RT is used for a number of different purposes at FREE GEEK; see the page on RT for more information on that. Here, we'll discuss a few common functions that staff or volunteers might want to be familiar with.
Everything in RT is based on the ticket, which can be thought of a task. Every ticket will be in a queue - this shows what sort of thing it is, or what it relates to. The support queue holds tech support requests, the grants queue holds grant requests, the ASS queue holds things the ASSes need to do, and the staff subcommittee queues hold tickets relating to the things those committees need to get done.
There are many characteristics a task can have, including an owner, a priority, a due date, and a status. When a new ticket is created, it has no owner and no due date.
- The owner is the person responsible for the ticket. (See Claiming a ticket, below.)
- The priority is often used to determine how pressing the task is. If the priority of a ticket is over 50, the group should bring it up at their meeting.
- The due date can help with prioritizing as well, though some people never use it.
- The status is important, because if it's not kept up to date, the todo list will never get any shorter. (See Closing a ticket, below.)
RT at a glance
When you log in on RT, you will come to your home page, titled "RT at a glance". This has several sections. The left has navigation stuff; you will usually just use Home (to get to this page) and Tickets (which will get you to a ticket search). That and the top are consistent throughout RT. The top has the tool that will let you make a new ticket, and a search form.
In the main body of that page, there's the list of your top 10 tickets, ordered by priority. There's a little Update link next to each one; see Updating a ticket below for more information on that. Below that, there's a list of the top 10 tickets you created, which may or may not be your responsibility (for instance, if you created a ticket in the ASS queue about a security hole, it would show up here, even though it's not your problem). And on the right, there's a list of the queues you have access to.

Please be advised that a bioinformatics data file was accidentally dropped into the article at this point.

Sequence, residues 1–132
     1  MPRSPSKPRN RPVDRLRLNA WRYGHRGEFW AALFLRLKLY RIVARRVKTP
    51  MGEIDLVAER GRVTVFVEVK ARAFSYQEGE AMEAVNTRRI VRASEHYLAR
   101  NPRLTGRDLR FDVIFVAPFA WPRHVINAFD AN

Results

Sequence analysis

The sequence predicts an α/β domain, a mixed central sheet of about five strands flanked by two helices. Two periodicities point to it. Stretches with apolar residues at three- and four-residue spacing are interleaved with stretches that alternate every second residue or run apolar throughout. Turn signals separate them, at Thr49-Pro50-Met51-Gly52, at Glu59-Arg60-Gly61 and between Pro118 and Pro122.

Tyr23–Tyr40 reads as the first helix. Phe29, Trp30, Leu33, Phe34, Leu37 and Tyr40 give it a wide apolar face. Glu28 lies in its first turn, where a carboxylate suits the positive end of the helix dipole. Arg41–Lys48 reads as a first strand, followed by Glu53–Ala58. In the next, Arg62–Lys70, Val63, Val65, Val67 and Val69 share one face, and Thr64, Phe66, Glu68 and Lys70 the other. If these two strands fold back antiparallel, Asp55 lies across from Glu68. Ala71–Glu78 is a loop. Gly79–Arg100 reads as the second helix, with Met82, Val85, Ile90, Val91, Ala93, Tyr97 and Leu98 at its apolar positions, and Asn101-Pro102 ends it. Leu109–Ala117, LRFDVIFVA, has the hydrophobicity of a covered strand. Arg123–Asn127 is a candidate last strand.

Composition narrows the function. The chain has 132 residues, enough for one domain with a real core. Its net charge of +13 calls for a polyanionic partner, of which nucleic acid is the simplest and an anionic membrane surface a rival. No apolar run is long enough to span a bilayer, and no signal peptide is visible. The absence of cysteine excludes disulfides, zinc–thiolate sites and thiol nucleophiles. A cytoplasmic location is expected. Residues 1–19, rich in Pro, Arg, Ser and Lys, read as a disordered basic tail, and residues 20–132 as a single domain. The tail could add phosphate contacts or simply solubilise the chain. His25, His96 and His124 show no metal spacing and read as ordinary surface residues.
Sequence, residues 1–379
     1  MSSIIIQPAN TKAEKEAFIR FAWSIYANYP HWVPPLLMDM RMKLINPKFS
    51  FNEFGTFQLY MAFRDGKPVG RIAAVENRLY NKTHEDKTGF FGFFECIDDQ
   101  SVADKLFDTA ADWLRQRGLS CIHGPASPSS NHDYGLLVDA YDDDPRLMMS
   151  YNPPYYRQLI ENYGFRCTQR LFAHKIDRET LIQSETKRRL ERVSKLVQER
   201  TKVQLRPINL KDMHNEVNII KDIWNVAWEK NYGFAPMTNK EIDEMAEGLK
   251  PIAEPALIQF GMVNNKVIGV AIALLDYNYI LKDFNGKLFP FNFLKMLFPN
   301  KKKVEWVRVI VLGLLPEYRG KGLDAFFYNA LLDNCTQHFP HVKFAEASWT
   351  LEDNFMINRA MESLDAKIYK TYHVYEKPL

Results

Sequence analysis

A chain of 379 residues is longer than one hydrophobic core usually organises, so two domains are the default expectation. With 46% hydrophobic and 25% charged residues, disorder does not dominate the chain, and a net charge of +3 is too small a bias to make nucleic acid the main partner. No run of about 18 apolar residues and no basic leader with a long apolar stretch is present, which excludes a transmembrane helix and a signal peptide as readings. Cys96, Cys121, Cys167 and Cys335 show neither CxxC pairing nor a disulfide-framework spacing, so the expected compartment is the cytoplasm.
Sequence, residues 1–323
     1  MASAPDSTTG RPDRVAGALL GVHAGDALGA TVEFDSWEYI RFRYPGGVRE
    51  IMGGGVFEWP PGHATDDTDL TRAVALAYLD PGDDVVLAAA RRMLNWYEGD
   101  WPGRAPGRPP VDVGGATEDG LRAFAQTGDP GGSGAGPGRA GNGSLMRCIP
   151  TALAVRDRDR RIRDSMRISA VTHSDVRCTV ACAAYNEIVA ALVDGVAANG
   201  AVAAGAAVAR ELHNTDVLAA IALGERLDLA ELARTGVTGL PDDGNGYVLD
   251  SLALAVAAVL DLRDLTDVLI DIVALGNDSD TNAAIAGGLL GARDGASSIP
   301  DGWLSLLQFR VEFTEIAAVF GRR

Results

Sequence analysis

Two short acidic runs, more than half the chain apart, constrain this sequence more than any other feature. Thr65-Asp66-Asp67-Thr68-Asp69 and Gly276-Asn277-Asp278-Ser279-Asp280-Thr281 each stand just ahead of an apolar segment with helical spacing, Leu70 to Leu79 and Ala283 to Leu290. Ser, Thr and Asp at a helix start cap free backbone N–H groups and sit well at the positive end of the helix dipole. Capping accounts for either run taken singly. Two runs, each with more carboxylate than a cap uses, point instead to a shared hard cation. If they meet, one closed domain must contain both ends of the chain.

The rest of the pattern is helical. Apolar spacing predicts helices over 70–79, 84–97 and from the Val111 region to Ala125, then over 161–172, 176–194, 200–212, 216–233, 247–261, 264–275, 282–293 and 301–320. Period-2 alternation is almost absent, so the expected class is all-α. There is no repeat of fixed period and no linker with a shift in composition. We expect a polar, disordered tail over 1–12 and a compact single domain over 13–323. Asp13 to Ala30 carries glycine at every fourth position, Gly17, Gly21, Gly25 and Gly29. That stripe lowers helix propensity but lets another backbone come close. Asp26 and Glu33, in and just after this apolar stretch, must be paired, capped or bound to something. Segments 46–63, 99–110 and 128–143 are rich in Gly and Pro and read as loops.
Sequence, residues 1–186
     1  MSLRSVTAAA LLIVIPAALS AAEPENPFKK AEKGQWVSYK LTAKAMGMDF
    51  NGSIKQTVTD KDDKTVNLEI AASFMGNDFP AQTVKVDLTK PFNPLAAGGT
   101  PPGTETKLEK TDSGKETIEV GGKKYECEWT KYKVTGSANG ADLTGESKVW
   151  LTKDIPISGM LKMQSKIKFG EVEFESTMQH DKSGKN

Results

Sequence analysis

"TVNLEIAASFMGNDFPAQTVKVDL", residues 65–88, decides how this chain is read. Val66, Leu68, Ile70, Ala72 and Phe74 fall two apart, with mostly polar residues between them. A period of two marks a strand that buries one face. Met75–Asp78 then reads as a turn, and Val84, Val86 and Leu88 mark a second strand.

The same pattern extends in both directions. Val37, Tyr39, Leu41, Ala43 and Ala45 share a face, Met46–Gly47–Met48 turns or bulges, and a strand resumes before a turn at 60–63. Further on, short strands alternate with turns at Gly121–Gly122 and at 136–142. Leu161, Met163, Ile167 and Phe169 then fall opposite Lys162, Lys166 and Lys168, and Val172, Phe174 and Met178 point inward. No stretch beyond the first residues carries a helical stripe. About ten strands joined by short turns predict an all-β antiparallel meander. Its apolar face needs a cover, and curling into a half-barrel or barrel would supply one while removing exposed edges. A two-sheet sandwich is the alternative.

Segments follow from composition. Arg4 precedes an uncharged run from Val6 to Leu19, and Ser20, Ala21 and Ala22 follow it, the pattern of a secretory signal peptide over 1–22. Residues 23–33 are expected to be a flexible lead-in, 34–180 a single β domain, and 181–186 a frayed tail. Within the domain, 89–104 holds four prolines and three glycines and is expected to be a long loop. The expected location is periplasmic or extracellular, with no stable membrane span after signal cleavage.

Looking at queues
If you click on one of the queue headings on the right of your home page, you will see the list of all currently active tickets in that queue. The list of queues will not be exhaustive unless you are Richard; generally, people sign up for queues that are related to things they do. You will not be able to look at a queue or add to it unless you have permission to do so.
The headings in that list can be clicked on to sort by that category, so if you wanted to see which tickets in a queue belonged to you, you could click on Owner to see that, or you could click on Last Updated to see what has been languishing for months without any update. You can see more information about a ticket by clicking on its title.
Updating a ticket
When you're looking at a ticket, you can update it. You can change any of the important fields, like priority or even title, or you can make a comment on it (if, say, a phone call came in relating to an item, you could record that in a comment). You can also make a reply to the person who made the ticket, called the requestor. The reply might be a status update ("Ok, i did such-and-such. Check and see if that works for you.") or a request for more information ("I can only move forward on this if you give me the phone number for that person.") Communicating with a requestor that way makes a record, so you can see when you acted on it and so it doesn't look like the ticket is lying idle.
The reply and comment options are at the top of the page, under the search form. Each of the colored headings under that (The Basics, People, Dates) are links to pages where you can change those fields.
Claiming a ticket
Near reply and comment